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Invited Commentary
April 2, 2020

BEST1—One Gene, Many Diseases

Author Affiliations
  • 1Inherited Retinal Disorders Service, Massachusetts Eye and Ear Infirmary, Harvard Department of Ophthalmology, Boston
  • 2Retina Service, Massachusetts Eye and Ear Infirmary, Harvard Department of Ophthalmology, Boston
JAMA Ophthalmol. 2020;138(5):552. doi:10.1001/jamaophthalmol.2020.0683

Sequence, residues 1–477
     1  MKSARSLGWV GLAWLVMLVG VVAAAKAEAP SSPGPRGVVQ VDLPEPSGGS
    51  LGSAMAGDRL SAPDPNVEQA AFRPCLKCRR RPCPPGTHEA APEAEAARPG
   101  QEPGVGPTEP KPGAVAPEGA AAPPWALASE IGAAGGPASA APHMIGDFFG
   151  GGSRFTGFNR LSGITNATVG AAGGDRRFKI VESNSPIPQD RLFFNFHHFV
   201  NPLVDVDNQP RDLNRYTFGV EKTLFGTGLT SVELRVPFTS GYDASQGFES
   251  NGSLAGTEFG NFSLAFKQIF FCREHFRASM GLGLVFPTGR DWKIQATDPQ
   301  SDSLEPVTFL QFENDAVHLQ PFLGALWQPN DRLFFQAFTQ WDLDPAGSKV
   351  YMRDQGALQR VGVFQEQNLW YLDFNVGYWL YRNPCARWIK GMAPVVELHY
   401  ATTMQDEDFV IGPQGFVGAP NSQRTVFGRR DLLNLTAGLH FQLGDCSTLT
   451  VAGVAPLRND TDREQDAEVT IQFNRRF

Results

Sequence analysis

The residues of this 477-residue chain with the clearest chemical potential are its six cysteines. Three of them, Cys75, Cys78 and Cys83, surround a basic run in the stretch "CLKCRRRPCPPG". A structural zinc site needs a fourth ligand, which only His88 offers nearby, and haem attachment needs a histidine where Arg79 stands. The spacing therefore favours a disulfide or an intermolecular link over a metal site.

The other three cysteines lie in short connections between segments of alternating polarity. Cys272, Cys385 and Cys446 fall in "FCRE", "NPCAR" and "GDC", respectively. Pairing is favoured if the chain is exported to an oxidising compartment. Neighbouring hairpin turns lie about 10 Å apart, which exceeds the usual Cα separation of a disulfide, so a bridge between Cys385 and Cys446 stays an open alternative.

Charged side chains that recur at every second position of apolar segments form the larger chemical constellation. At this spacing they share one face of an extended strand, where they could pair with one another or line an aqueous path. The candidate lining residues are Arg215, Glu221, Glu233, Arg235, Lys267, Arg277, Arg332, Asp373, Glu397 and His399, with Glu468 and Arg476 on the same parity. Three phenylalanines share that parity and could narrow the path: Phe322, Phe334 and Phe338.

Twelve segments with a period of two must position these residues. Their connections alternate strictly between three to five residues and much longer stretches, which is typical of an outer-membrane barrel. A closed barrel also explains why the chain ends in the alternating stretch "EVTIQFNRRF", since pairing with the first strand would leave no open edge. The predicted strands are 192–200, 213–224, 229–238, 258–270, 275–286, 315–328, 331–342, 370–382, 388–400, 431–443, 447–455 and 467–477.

Retinal dystrophies associated with the gene BEST1, collectively known as bestrophinopathies, are phenotypically heterogeneous. Although Best vitelliform macular dystrophy (BVMD) is the most common bestrophinopathy, the distinct clinical conditions encompassed by the bestrophinopathies vary in features, including the mode of inheritance and degree of macular vs peripheral retinal involvement. In this issue of JAMA Ophthalmology, Shah et al1 assess the diversity of bestrophinopathies identified in the patient population of a single academic center. In an evaluation of 36 patients from 25 families for whom genetic testing results revealed disease-causing BEST1 sequence variants, the authors identify 3 of the distinct clinical phenotypes previously associated with this gene: BVMD, autosomal recessive bestrophinopathy (ARB), and adult-onset vitelliform macular dystrophy. Their cohort does not include individuals with autosomal dominant vitreoretinochoroidopathy or retinitis pigmentosa (RP). Indeed, the authors revisited a previously published family with a diagnosis of BEST1-associated autosomal recessive RP2 and revised the clinical diagnosis to ARB. The identification of 2 patients with BEST1-associated adult-onset vitelliform macular dystrophy in this cohort is a reminder of the multiple pathways, both genetic and presumably multifactorial, that can culminate in this clinical phenotype.3

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